In a press release issued on Wednesday last week, Equinor detailed plans to build a clean hydrogen plant in the UK which includes offshore carbon capture and storage.
The project is called Hydrogen to Humber Saltend (H2H Saltend) and it will kick-start a hydrogen-based decarbonised industrial cluster in the Humber region of the UK. Blue hydrogen will be produced from natural gas (with CCS) and green hydrogen from electrolysis of water using renewable power. This article provides some background to the selected destination of the captured CO2, the Triassic “Endurance” structure in the Southern North Sea.
First and foremost, the Humber area is well-positioned when it comes to proximity of offshore aquifers to inject CO2 in. The Endurance closure is less than 100 km away and is also surrounded by other structures already identified through previous studies.
Endurance has been extensively studied in the past. Expronews spoke to Steve Furnival, who was the reservoir engineer for National Grid and who now consults through HoBoil Limited. “Endurance is a big closure with likely regional connectivity, has an excellent seal, good reservoir properties and a pressure outlet in the east where the Triassic outcrops at seabed, so the risk of overpressuring the reservoir are slim,” Steve says.
Why not use a depleted Rotliegend gas field instead?
The Southern North Sea is best known for its Permian Rotliegend gas reservoirs; of which there are many (see map for field outlines in the area). “However, these fields all have multiple well penetrations and it is exactly those holes that pose a risk to the integrity of the seal,” Steve adds. “Some of those wells were drilled a long time ago and records about well completions may even have been lost.” Endurance only has three penetrations, which is relatively few.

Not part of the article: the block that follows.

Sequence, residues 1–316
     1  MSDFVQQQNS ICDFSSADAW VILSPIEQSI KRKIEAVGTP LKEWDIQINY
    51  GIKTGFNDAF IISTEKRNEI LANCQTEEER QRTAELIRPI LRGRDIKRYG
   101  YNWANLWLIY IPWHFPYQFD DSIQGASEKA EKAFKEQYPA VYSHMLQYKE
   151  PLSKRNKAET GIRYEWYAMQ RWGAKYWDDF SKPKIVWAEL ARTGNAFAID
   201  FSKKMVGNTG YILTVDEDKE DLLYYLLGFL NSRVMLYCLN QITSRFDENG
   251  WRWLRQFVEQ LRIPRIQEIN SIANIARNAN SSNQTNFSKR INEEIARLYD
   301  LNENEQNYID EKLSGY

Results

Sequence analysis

The third and most recent well in Endurance is the 42/25d-3 well, drilled in 2013. Steve points out: “This is a unique well in UK offshore drilling history, as it is the only one that was specifically drilled to test reservoir and sealing parameters with the aim to inject CO2.” There was a need to drill this well because the previous wells did not acquire some key data. However, the porosity/permeability data generated from the extensively cored section turned out very similar to the data that was already available from the offset wells. Porosity varies from 14% to 27% and permeability from 20 to 2000 mD.
Another Carbon Capture and Storage initiative that runs simultaneously is the Net Zero Teesside project, in which Equinor is a partner too. Although a candidate for CO2 injection has not been identified yet, there may be opportunities for those projects to collaborate and use the same reservoir for injection.
In February this year, £1.4m was awarded to Heriot-Watt University to further investigate and define a roadmap for storage sites in the Southern North Sea. The project is funded by the Oil and Gas Technology Centre (OGTC) with support from the Oil and Gas Authority (OGA), offshore operators and data owners.